After a year of teaching at the elementary school, a university in Seoul learned about me and offered me a job teaching English at their university, and I took it. I continued to go back to Paju City to visit my Romanian friend, and she got on the bus and came to Seoul to visit me when she could too. After I taught at the university for a year, there was a job open for a foreign English professor. Everyone thinks by law, they must hire native speakers of English to teach English, but I had figured out not necessarily so. My friend in Paju City had a B. A. with a major in French and a minor in English as well as a masters in French/English translations. I decided to tell my university about her. I thought it was a shame that she had a masters but had to work in a book shop. I thought it was a shame that she wanted to go to church, but her boss wouldn’t let her. When I put her name in to teach at my university, there was an important thing I didn’t know about her that really helped. She also had a B. A. in Computers. The university decided to invite all the potential professors to teach a sample lesson for them to help them decide which English professor to hire. She used her computer degree and put together an out of this world presentation, and they hired her over native speakers of English.
She almost passed out again. When I took her to the visa office to get her visa to teach at the university, she was convinced they wouldn’t let her have a visa, but I had been to the visa office earlier, and the lady assured me that they would. She said as long as the university wanted her, they would give her a visa. I always went to a special section of the visa office called “global talent” to get my visas, and I took her there. It was a streamlined office for people they considered special. It didn’t take long, and it was her turn to go to the window and sit down to submit her documents for a visa. She was so nervous! She was talking a mile an hour! She was so scared they wouldn’t give her a visa because she wasn’t a native speaker of English. She was weak with fear and almost backed out. She was afraid she had made the wrong decision applying for the job at the university.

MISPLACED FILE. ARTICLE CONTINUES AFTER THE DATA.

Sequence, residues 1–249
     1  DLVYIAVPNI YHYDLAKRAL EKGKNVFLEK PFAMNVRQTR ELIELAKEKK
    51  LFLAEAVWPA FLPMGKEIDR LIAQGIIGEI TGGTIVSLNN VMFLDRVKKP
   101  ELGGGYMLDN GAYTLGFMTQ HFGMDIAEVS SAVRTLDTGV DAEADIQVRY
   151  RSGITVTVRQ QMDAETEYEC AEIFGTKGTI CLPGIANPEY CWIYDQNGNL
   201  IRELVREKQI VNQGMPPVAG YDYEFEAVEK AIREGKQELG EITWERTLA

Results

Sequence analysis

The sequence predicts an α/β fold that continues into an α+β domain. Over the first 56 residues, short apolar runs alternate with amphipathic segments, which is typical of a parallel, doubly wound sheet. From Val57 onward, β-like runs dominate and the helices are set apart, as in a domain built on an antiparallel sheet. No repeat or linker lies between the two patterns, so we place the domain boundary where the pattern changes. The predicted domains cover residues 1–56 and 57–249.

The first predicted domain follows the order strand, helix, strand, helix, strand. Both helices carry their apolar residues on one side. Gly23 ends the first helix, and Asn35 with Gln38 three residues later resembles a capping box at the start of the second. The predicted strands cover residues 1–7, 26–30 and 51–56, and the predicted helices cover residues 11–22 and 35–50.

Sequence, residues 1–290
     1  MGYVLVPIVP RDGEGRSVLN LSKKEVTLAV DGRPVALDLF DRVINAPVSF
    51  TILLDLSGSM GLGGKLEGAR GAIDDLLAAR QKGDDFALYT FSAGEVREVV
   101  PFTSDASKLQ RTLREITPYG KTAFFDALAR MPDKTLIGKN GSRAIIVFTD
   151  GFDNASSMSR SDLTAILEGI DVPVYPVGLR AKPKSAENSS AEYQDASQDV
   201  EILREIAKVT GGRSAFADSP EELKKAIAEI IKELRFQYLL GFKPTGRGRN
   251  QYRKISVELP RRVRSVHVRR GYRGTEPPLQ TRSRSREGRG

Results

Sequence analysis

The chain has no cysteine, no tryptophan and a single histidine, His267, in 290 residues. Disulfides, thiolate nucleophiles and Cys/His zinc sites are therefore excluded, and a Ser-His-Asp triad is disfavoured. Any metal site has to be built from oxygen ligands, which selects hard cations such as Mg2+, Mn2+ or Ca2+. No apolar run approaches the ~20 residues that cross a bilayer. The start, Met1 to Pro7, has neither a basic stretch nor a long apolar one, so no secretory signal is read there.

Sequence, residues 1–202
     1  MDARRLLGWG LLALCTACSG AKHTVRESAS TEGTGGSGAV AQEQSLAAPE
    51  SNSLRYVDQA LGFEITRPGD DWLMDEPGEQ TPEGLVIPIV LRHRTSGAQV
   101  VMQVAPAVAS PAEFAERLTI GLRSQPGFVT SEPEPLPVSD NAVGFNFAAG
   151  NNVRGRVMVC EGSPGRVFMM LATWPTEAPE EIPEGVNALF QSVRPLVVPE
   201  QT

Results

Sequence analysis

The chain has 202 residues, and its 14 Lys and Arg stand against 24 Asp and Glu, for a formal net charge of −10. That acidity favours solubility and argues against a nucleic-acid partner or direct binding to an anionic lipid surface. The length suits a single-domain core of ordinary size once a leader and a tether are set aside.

The lady behind the desk took her papers and was working on them, and we sat and waited for her papers to process. Finally, the lady came back with a stamp in my Romanian friend’s passport and an alien registration card. She literally swooned! She hadn’t expected it to happen at all. She almost hit the floor again! Her nerves had made her sick, and she was in disbelief! I had to give her a bit of time to collect herself before she was able to walk back to my car to go back to the university.
She was then my co worker. She was able to go to church every Sunday. She had a bigger, nicer apartment than she had at Paju City. She had a nice pay check. I was so happy for her! We taught along side one another for several years. We had ups and downs in our friendship, but always came out as friends. She finally married one of the Romanian professors. I had felt responsible for her because I had taken her away from English Village. If something went wrong, I thought it was my job to fix it for her. However, when she got married, I didn’t have to worry any more. She had a Korean Christian English professor to look out for her.
They live in an even nicer apartment in Seoul now. He can’t speak Romanian, and she cant speak Korean. They speak English together. However, she loves S. Korea, and he loves Romania. They live in S. Korea and take periodic trips to vacation in Romania. She always wanted me to go on one of those trips, but I never had a chance. She took Korean lessons, but never could quite catch on. Now, I am trying to teach her husband to speak Romanian through the internet. You see, I had to retire because of my age. At 60, everyone in S. Korea has to retire. I never married a Korean like she did, so I can’t get the visa the way she can. She and I still talk on Facebook, and she tells me that if I find a job for her and her husband, she would like to follow me to America. However, it is more her than him. He wants to live in S. Korea. She is happy and well taken care of, and it makes me happy, but we miss being apart. We spent a lot of time chatting, eating out together, and singing together. We spent every holiday together, and my daughter began thinking of her as her Romanian aunt.